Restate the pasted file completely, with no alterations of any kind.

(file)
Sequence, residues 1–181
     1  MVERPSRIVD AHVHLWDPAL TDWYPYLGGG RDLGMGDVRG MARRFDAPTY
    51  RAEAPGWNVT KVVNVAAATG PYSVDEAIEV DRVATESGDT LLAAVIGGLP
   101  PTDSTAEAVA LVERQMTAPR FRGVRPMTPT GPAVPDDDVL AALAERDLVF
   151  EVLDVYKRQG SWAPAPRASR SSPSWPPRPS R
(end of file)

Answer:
Sequence, residues 1–181
     1  MVERPSRIVD AHVHLWDPAL TDWYPYLGGG RDLGMGDVRG MARRFDAPTY
    51  RAEAPGWNVT KVVNVAAATG PYSVDEAIEV DRVATESGDT LLAAVIGGLP
   101  PTDSTAEAVA LVERQMTAPR FRGVRPMTPT GPAVPDDDVL AALAERDLVF
   151  EVLDVYKRQG SWAPAPRASR SSPSWPPRPS R